In May of 1997 I evicted my nineteen year old son from our home with only a roll of bus tokens, $5.00 (or was it $10.00) and whatever he could carry from his bedroom. That was the day that I exhausted all of my spiritual and emotional resolve to trust that the Universe (God) loved my defiant son as much as I did.
Often, as a single mom, navigating my children’s tumultuous teen years, my own mother’s voice bruised my fragile ego:
“The God that loves and strengthens you is ever-present to your children.
Stop trying to fix ev-er-y-thing for them and get yourself out of the way.”
I still live in West Pullman, a part of Chicago’s south suburbs that had experienced a sudden spike in gang conflict and increased drug activity. My neighbors and I struggled to keep our children safe, out of gangs and away from the drug trade. I knew that without a high school diploma my children would suffer and my sons in particular, would be sucked into the school-to-prison pipeline or worse — a coffin. They deserved better.
Our house law was, “You must graduate from high school and then go to college, join the military, get a full-time job or some combination of the above; but no high school drop-out can live in my home.”
My adult daughter had completed high school in Africa. My eldest son would be our first U.S. high school graduate!
I was concerned about him. In elementary school, he was hyper kinetic, taller than his classmates and labeled a troublemaker. I negotiated his assignment to male teachers, who unintimidated by his height, saw him for the big goofy kid that he was. This got him safely out of grammar school.
He spent his freshman year at Christian Fenger Academy. They had a well-intentioned staff, but the rapid decline of our community, the increasing prominence of the gangs and related rivalry made education a near impossible task. Somehow, in the final semester of his freshman year, my son made the honor roll.
Sophomore year I sent him to his father in DC, but he was homesick for his siblings and we missed him terribly. After making the honor roll in DC, I brought him back to Chicago.
I started losing my son during senior year. Six weeks before graduation I was summoned to a meeting with his homeroom teacher. She stung me with the news that although my son had completed the requirements to graduate, he’d stopped attending school. Attendance was mandatory or he wouldn’t graduate with the Class of 1997.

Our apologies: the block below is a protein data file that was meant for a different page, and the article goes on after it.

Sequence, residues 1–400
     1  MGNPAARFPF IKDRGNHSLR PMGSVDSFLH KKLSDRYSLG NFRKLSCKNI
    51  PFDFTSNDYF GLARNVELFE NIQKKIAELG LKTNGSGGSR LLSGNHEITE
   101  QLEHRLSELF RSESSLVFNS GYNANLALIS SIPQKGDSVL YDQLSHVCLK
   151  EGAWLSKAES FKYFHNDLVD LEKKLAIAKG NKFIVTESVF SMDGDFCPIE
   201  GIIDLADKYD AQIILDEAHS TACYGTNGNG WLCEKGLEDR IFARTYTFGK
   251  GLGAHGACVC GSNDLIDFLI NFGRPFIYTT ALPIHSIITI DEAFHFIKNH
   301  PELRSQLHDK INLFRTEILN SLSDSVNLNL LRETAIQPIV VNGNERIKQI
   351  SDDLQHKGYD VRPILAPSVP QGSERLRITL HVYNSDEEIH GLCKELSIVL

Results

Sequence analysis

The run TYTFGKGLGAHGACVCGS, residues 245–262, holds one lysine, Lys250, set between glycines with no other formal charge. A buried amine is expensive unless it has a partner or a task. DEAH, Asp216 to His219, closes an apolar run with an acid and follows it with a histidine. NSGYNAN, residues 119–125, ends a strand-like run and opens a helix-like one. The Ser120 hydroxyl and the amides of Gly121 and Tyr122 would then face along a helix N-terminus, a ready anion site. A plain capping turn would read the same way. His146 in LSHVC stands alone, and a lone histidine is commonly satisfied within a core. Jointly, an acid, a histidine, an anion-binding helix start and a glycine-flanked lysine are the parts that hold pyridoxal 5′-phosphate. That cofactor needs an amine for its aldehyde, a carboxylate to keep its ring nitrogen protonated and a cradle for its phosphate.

Stunned, I talked with him, cajoled and even threatened bodily harm – to no avail.
My male buddies cautioned that, especially for boys, when you make a rule, you’ve got to enforce it.
I prayed, bargained and thrashed against the obvious. Finally, I demanded, GOD send me a sign! The next morning, I got it.
While standing on my neighbor’s porch chatting, her husband, stepped into the doorway, looked me straight in my eyes and said in his Jamaican accent, “Darlin, when you have one bad apple, you have to pluck it out or it will spoil the whole bunch!” Then he walked away.
Two days later, I rendered the dreaded decision which sent a clear message to my children that there were no exceptions to the graduate-or-get-out-rule. Needless to say, they all graduated.
Today that son has earned a bachelors’ degree and works in electrical engineering. In his spare time he’s an inventor, and builds cars. He’s a husband, father and the go-to guy in our family.
Was it easy – NO! Parenting requires a superior kind of strength. Of course, it requires patient encouragement of your children’s growth. It’s also modeling values, building character, loving unconditionally and accepting their uniqueness; but there is no greater or more rewarding responsibility, despite the discomfort, than the ability to make the pivotal, often life altering decisions.
In addition to loving and pampering our children, particularly when we can offer them “better than we had” it’s critical that a child knows that some things are non-negotiable. Because that’s-just-the–way-life-is.
– Susan D. Peters
Susan D. Peters, aka, Ahnydah (ah-NIE-dah) Rahm, brings a wealth of experience gained as an expatriate living in West Africa. Her memoir Sweet Liberia, Lessons from the Coal Pot, received the Black Excellence Award for Non-Fiction from the African American Alliance of Chicago and the Mate E. Palmer award for Non-Fiction from the Illinois Press Women’s Association. Broken Dolls, Susan’s second book, represents her foray into the mystery market and is the first of a series featuring Detective Joi Sommers as its heroine. Her work is featured in three anthologies, Baring It All, the Ins and Outs of Publishing, Signed, Sealed, Delivered … I’m Yours, a contemporary romance anthology, and The Anthology of the Illinois Woman’s Press Association. Buy her books online and at www.SusanDPeters.com.